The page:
Palmoplantar Pustulosis on Feet

Palmoplantar pustulosis is a rare, relapsing eruption limited to the palms and the soles characterized by numerous sterile yellow, deep-seated pustules that evolve into crusts and scales.

Palmoplantar Pustulosis

Palmoplantar pustulosis, also referred to as pustular psoriasis of the palms of the hands. The palms are red with white or yellow pustules. Palmoplantar pustulosis is a type of recurring psoriasis characterized by the appearance of pus-filled pimples and sores in clusters.

Lichen Striatus on Legs

Lichen striatus. This is a common and benign self-limited childhood dermatosis that is easily diagnosed from its classic appearance. Onset is usually between the ages of 3 and 10 years, and it is rare in young infants, adolescents, and adults. The lesions consist of pink, flesh-colored, or slightly hypopigmented flat-topped papules that evolve in a linear array following lines of Blaschko. The linear course of the papules may eventually traverse the major part of an extremity. The area of involvement is often noted to become wider as it advances and may even include the nails.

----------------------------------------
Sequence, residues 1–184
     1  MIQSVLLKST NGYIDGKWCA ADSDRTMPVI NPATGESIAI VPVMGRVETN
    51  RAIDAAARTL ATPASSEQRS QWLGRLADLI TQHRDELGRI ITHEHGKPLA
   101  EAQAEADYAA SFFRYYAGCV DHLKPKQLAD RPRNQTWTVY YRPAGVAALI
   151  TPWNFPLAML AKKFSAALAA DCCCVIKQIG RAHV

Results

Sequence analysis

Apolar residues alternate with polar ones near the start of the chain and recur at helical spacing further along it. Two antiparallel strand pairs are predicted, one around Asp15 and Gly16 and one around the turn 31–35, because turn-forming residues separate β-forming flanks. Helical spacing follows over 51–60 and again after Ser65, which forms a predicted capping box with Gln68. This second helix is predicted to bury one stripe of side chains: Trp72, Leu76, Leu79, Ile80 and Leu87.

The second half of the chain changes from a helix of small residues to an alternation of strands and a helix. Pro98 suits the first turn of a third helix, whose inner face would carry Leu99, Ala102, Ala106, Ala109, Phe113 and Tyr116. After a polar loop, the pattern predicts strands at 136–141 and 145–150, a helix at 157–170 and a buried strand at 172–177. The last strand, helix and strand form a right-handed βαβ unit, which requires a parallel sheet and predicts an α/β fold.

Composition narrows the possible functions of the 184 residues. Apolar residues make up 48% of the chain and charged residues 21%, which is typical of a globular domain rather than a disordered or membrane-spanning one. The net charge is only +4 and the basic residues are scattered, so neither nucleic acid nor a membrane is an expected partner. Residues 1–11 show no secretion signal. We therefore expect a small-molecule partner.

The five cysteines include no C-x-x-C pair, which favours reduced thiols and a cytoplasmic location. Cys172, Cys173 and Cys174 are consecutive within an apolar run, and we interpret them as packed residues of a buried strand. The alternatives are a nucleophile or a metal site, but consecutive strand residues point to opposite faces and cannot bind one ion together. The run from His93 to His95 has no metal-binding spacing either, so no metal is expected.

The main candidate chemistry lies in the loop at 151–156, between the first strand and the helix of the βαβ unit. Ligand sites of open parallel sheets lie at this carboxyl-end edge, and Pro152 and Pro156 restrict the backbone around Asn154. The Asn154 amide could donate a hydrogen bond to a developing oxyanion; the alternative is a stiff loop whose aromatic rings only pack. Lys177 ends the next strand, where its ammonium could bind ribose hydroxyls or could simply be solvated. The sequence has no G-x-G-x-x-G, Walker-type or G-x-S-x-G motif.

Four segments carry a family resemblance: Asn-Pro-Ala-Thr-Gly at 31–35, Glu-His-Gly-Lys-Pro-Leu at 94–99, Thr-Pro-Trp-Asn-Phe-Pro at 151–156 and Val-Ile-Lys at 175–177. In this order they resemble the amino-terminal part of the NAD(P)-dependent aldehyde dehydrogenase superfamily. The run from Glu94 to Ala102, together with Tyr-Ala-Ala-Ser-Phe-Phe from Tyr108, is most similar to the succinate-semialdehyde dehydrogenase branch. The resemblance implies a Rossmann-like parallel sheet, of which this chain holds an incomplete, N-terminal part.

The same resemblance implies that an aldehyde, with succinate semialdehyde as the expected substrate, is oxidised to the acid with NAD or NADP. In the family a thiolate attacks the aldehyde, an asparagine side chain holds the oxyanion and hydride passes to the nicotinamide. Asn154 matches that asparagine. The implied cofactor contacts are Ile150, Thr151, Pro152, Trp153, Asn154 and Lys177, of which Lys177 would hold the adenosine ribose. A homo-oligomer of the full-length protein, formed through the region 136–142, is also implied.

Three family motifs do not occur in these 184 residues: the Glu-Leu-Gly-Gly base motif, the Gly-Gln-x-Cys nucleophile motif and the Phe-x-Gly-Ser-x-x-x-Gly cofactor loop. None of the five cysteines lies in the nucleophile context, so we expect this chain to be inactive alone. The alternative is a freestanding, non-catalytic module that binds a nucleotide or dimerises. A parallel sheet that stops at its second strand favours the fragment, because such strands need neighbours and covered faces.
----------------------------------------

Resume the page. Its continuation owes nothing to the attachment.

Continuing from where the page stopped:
Lichen Striatus on Arm

Lichen striatus. This is a common and benign self-limited childhood dermatosis that is easily diagnosed from its classic appearance. Onset is usually between the ages of 3 and 10 years, and it is rare in young infants, adolescents, and adults. The lesions consist of pink, flesh-colored, or slightly hypopigmented flat-topped papules that evolve in a linear array following lines of Blaschko. The linear course of the papules may eventually traverse the major part of an extremity. The area of involvement is often noted to become wider as it advances and may even include the nails.